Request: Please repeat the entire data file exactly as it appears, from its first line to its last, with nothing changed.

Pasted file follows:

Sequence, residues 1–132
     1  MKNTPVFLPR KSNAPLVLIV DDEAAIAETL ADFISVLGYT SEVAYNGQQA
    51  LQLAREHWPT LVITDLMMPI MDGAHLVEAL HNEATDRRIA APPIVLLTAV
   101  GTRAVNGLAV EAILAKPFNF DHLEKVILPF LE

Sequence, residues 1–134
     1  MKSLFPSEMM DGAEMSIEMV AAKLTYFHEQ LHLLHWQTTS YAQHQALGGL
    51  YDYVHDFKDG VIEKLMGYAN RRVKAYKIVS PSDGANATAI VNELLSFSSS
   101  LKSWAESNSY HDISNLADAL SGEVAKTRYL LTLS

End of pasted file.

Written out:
Sequence, residues 1–132
     1  MKNTPVFLPR KSNAPLVLIV DDEAAIAETL ADFISVLGYT SEVAYNGQQA
    51  LQLAREHWPT LVITDLMMPI MDGAHLVEAL HNEATDRRIA APPIVLLTAV
   101  GTRAVNGLAV EAILAKPFNF DHLEKVILPF LE

Sequence, residues 1–134
     1  MKSLFPSEMM DGAEMSIEMV AAKLTYFHEQ LHLLHWQTTS YAQHQALGGL
    51  YDYVHDFKDG VIEKLMGYAN RRVKAYKIVS PSDGANATAI VNELLSFSSS
   101  LKSWAESNSY HDISNLADAL SGEVAKTRYL LTLS